Excess litigation cost has for too long blighted our civil justice system. It is a blight which undermines our ability to provide effective access to justice. If litigation costs are unaffordable, then, Lord Woolf observed in his Interim Access to Justice Report, it ‘constitutes a denial of access to justice’. He was right. It does not however simply amount to a denial of access to justice. On its own that would be bad enough. But effective access to justice is an essential element of any democratic society committed to the rule of law. Where litigation costs deny effective access to the justice, this will in due course undermine belief in, and commitment, to the rule of law, and that results in the undermining of our democracy and all its modern features – health, education, and welfare. In this country, we tend to take the rule of law and all it carries with it for granted, but as the great Judge Learned Hand put it, ‘If we are to keep our democracy, there must be one commandment: Thou shalt not ration justice Disproportionate costs improperly ration justice.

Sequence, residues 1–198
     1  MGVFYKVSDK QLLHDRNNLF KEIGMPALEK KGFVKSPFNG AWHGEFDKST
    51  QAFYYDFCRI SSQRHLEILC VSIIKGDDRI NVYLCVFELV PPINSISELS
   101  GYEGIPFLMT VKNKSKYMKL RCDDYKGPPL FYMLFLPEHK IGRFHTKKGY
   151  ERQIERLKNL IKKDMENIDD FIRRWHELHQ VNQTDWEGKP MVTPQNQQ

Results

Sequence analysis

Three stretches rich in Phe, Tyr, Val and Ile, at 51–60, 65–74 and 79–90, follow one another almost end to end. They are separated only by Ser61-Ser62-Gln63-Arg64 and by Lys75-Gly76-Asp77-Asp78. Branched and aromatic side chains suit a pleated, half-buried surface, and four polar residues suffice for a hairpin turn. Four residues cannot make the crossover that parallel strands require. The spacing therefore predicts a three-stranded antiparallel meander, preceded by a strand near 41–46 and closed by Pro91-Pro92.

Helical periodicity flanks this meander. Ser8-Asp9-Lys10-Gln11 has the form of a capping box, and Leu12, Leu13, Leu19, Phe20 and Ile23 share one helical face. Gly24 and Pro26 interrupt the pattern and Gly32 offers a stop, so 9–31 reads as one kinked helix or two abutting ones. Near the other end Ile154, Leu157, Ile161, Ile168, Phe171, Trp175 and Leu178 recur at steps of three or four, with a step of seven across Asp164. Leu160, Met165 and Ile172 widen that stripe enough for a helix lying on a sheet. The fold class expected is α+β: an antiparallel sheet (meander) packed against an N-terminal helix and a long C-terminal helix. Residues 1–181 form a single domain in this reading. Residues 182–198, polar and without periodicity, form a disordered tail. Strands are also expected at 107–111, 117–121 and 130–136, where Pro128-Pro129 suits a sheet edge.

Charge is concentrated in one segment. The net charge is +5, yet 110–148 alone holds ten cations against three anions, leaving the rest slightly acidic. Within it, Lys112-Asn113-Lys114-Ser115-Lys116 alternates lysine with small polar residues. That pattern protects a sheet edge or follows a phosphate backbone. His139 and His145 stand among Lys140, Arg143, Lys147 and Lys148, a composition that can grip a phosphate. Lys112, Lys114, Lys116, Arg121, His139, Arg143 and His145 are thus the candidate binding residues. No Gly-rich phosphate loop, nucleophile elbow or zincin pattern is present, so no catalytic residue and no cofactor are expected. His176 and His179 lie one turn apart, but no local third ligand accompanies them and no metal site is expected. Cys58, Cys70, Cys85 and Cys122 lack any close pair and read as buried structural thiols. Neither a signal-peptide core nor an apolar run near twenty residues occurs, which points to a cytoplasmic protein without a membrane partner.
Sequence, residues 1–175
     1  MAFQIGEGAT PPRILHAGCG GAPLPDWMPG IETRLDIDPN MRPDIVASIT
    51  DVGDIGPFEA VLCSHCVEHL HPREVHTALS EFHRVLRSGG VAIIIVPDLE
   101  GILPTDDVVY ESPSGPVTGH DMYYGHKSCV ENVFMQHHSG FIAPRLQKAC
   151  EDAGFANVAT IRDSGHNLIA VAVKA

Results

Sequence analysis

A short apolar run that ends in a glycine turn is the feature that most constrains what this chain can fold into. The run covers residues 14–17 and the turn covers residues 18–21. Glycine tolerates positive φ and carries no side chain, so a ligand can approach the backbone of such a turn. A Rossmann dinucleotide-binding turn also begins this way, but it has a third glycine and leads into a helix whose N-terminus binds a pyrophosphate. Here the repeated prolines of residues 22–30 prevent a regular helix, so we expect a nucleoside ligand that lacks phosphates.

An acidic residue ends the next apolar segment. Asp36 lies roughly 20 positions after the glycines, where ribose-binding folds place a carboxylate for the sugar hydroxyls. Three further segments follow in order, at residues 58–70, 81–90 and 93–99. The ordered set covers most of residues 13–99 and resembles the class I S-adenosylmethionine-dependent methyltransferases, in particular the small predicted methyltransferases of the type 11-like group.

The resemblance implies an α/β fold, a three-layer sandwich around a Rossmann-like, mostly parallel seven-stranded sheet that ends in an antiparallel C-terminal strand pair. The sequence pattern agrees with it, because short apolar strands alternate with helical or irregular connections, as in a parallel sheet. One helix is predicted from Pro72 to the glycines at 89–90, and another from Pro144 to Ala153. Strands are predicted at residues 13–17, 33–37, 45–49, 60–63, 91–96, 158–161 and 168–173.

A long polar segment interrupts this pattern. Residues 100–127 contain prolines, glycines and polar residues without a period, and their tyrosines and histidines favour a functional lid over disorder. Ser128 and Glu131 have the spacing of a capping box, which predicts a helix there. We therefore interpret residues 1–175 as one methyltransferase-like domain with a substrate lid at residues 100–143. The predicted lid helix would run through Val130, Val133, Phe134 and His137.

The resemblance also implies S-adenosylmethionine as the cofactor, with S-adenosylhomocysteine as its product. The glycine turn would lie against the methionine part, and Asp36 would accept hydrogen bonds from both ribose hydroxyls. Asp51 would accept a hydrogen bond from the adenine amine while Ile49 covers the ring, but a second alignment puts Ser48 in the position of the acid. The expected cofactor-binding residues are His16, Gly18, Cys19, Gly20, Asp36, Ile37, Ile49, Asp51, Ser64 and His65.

Over the last ten years, civil litigation costs have continued to increase. In that respect the Woolf reforms, one of the principal aims of which was to provide a cure for excess litigation cost, failed. Indeed, I regret to say that the Woolf reforms are generally thought to have increased litigation costs. Certainly, the reforms, or at least some of the way in which they have been implemented, have front-ended costs, which is particularly unfortunate given that the great majority of cases settle before they get to trial.